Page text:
|Activity||Born at Hornsea, Yorkshire, on 5 Aug. 1815, was third son of Anthony William Eyre.|
Edward was educated at the Louth and Sedbergh grammar schools. Intended for the army, he chafed against the delay in gaining a commission. At seventeen he took money, which had been deposited as purchase money, and emigrated to Australia. He arrived in 1833, and engaged in sheep farming, at first in New South Wales and then in South Australia on the Lower Murray river.
Becoming magistrate and protector of aborigines, he in 1836 began a series of adventurous journeys through the unknown sand deserts of the interior. He was the first of the ‘overlanders,’ that is he first found a way by which to drive livestock overland from New South Wales to the new settlement at Adelaide. The most memorable of his journeys was that on which he, with white and native companions, started from Adelaide on 20 June 1840, and, all but one of his companions dropping off by the way, forced his own way, with a dogged tenacity of purpose and readiness of resource, round the head of the Great Australian Bight, through a region so utterly desolate and torrid as almost to preclude the passage of man, and with but a single companion, a native, reached King George's Sound on 13 July 1841. .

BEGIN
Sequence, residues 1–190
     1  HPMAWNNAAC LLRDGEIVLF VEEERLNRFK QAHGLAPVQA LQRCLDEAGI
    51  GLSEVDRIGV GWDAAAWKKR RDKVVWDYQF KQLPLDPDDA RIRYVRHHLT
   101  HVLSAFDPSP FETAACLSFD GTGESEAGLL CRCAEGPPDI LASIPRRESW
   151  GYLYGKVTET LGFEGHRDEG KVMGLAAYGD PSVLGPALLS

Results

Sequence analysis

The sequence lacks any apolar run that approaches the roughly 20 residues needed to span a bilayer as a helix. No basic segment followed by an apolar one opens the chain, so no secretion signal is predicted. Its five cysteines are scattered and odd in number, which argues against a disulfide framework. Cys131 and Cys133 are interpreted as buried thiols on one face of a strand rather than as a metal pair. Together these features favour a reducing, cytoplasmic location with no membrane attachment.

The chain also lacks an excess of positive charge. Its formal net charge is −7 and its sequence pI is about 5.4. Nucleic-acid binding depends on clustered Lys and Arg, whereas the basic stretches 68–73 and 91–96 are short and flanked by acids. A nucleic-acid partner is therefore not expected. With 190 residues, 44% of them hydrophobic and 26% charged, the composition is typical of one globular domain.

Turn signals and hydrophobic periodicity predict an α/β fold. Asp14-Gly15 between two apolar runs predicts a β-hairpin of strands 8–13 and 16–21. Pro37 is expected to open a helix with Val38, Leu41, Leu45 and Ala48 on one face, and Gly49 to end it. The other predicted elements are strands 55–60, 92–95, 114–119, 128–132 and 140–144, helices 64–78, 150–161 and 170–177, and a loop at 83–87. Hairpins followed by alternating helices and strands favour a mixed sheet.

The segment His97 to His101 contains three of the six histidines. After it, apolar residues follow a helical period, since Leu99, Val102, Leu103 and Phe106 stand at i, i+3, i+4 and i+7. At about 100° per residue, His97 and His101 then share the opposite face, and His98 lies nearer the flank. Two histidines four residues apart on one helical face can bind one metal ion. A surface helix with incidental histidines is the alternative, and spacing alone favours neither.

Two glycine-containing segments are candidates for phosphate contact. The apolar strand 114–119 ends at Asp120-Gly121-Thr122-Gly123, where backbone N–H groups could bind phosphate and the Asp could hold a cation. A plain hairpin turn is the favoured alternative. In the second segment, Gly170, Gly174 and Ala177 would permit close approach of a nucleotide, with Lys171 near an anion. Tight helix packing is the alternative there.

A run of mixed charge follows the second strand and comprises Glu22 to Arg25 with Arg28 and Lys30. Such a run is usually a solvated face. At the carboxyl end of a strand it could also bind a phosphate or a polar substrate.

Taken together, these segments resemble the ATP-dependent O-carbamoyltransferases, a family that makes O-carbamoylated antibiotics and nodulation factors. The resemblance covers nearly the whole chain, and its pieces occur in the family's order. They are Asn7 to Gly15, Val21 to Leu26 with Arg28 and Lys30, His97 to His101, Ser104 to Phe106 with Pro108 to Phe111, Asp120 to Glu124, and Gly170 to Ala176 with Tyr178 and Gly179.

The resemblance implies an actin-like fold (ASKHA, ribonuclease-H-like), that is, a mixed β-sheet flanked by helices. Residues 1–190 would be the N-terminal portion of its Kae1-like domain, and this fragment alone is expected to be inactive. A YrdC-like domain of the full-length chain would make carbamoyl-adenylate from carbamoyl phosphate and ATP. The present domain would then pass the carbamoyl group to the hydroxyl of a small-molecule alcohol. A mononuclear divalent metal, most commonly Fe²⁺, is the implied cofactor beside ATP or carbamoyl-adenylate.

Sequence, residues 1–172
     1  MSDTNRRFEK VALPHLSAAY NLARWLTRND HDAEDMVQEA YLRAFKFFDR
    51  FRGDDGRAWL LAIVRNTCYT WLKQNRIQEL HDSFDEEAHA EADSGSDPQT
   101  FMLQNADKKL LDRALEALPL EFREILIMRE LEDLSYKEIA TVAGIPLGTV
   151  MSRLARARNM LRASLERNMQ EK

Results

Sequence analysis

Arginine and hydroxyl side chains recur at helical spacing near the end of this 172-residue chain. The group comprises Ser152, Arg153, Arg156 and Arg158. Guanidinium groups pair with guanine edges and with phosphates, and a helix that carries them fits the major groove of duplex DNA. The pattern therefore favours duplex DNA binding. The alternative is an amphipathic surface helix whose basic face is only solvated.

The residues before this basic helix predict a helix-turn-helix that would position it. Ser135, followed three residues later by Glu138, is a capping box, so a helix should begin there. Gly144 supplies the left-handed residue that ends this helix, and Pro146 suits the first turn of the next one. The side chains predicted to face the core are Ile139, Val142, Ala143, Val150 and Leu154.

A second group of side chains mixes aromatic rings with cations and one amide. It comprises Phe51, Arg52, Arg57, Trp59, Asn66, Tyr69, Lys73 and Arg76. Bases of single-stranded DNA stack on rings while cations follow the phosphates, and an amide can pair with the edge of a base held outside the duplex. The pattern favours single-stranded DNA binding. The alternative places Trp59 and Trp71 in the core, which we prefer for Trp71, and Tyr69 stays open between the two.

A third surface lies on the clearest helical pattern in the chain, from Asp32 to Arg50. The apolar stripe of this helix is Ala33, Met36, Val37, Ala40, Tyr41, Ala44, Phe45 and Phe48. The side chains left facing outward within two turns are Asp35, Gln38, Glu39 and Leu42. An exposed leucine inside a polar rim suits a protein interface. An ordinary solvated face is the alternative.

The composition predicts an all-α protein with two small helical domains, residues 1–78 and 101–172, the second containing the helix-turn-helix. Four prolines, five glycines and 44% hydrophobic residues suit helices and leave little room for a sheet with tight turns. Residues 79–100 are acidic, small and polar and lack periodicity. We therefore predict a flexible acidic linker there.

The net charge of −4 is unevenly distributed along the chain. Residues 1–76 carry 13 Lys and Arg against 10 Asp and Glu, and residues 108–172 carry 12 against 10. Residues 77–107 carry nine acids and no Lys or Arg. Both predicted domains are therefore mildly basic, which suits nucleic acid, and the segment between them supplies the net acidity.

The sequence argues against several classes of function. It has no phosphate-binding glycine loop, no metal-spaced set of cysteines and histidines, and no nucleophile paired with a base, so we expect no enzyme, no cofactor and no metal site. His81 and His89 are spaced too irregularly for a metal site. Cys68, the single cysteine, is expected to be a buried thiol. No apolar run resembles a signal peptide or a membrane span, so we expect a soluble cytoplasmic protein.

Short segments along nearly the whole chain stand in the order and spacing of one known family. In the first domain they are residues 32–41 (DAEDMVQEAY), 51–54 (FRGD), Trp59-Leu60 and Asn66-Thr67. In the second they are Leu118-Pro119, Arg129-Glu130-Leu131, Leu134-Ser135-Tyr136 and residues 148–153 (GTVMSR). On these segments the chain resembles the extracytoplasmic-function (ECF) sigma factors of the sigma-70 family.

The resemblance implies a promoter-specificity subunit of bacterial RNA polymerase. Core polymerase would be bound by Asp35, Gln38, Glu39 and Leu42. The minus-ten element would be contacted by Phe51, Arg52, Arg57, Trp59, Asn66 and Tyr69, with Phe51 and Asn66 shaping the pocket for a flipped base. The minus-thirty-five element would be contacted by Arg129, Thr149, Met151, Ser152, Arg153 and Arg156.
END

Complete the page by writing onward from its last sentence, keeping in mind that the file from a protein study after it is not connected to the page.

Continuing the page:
In 1843 he received the founder's medal from the Royal Geographical Society. Perhaps the most noticeable thing in Eyre's career in Australia was his exceptional kindliness, combined with firmness, toward the aborigines.
Eyre revisited England in 1845, and in 1846, chiefly because of his success in handling natives, was appointed lieutenant-governor of New Zealand, Sir George Grey being governor. He held the office till 1853. From 1854 to 1860 he was governor of St. Vincent, and in 1860-1 he acted temporarily as governor of the Leeward Islands.
In 1861 he went to Jamaica to act as captain-general and commander-in-chief during the absence on other duty of Sir Charles Darling. In 1864 Darling definitely relinquished the appointment, and Eyre was confirmed as governor of Jamaica. There his experiences gave him a terrible notoriety.